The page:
A recent study has shown that hunger may help in slowing down the aging process and even the perception of inadequate food can extend life expectancy. This study was published in the journal Science and discovered that hunger led to an increase in the lifespan of fruit flies.
Researchers from the University of Michigan found that inducing hunger in flies either by depriving them of amino acid molecules or by stimulating brain regions associated with the motivation to eat resulted in a longer lifespan.
Scott Pletcher, a co-author of the study, explained that they have separated the life-extending effects of dietary restriction from various nutritional manipulations that researchers have focused on for many years.
Details About The Study
The researchers employed various methods to stimulate hunger in the flies. One approach involved modifying the amount of branched-chain amino acid molecules (BCAAs) in a snack food and later allowing the flies to freely choose between a buffet of yeast or sugar food.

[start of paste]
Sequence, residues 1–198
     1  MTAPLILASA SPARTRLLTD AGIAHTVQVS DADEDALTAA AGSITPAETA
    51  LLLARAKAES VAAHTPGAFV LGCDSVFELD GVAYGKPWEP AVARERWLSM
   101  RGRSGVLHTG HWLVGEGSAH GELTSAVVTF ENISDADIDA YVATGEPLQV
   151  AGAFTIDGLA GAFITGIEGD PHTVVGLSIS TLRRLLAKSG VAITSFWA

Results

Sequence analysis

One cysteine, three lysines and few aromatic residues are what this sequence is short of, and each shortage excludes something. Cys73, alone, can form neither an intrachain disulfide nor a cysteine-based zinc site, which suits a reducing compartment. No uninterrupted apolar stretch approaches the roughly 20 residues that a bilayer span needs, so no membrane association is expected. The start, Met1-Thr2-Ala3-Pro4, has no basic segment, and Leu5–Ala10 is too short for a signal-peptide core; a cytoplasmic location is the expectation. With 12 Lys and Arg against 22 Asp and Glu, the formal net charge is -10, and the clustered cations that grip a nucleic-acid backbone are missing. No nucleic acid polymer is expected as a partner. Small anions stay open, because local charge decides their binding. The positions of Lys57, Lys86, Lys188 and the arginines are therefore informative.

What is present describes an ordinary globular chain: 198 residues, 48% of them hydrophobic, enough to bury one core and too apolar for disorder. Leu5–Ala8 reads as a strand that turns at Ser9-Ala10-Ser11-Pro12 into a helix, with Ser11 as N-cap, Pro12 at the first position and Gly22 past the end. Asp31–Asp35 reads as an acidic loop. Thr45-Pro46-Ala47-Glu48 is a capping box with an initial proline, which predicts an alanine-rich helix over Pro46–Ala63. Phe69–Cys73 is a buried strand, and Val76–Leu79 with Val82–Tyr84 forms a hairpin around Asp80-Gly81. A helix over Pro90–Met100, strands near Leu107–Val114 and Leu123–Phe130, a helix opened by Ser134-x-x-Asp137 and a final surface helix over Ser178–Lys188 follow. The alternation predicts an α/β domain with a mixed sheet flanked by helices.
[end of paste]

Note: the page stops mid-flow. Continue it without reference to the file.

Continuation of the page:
The study revealed that flies fed a low-BCAA snack consumed more yeast than sugar from the buffet, compared to those fed a high-BCAA snack. The researchers also noted that the preference for yeast over sugar indicated a hunger based on need. Furthermore, they found that flies on a lifelong low-BCAA diet lived significantly longer than those on high-BCAA diets.
By exposing flies to red light, scientists activated the hunger-related nerve cells. As a result, the flies consumed more food than those not exposed to the light. These flies also exhibited a longer lifespan compared to the control group.
Kristy Weaver, another co-author of the study, stated that they believe they have created a form of insatiable hunger in flies and by doing so, the flies lived longer. Although this method was tested only on flies, scientists believe that the mechanisms discovered are likely to affect hunger drives in other species.